Documents of Women in Concrete Poetry: 1959-79
Part Three

The editorial journey continues around the production of the volume Women in Concrete Poetry: 1959-79 (Primary Information, 2020), focusing on women in the field of concrete poetry in the 1960s and 1970s. The two editors of the publication, Alex Balgiu and Mónica de la Torre, share the background leading to the creation of this volume, which also includes work by Patrizia Vicinelli, the poet from Bologna featured in the exhibition Chi ha paura di Patrizia Vicinelli.

 

The second item from this series is our copy of Colleen Thibaudeau’s Lozenges: Poems in the Shapes of Things (London, Ontario: Alphabet Press, 1965).

It was described by the bookseller whom we bought it from as: “two unbound and uncut pages, possibly first run test sheets, consisting of eight folded pages each. No staple holes. The pages have light creasing and an ink smudge to what would appear to be the last page. Possibly a file copy.”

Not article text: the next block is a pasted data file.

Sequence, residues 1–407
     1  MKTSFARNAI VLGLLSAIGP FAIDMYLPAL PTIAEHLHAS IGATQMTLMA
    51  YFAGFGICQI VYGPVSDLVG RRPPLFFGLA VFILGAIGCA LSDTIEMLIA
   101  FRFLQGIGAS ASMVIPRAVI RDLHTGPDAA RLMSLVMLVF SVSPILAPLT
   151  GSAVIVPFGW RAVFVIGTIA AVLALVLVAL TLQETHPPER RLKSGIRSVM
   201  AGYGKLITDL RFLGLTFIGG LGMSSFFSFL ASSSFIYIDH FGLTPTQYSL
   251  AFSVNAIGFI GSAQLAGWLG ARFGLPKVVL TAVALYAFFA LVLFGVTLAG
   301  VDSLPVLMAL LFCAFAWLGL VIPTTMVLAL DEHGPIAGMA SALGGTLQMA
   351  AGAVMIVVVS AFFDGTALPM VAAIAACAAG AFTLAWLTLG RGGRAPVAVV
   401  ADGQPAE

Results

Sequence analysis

Indeed, once we received the document, it was quite moving to feel the life of these unbound pages, especially seeing the ink marks and tiny scratches, they seemed fresh off the press. Unfolding those felt as if we were suddenly attending the process of book-making and being present together with Colleen in the workshop.

 

The simplicity and essential quality of these sheets, solely activated by the folds somehow emphasized the vibrance of these poems and their joyous dynamics. A publication without a cover, through its fragility and directness, addresses us with genuine, concrete playfulness.

A book of poems that shows how a books of poems is made.

Lastly, freed of binding, the work appears to have an infinite amount of pages. As readers, we are compelled to eternally play and assemble the pages differently, recomposing spreads or just appreciating these shapes parading along the sheet.

The parade of language, in front of our eyes.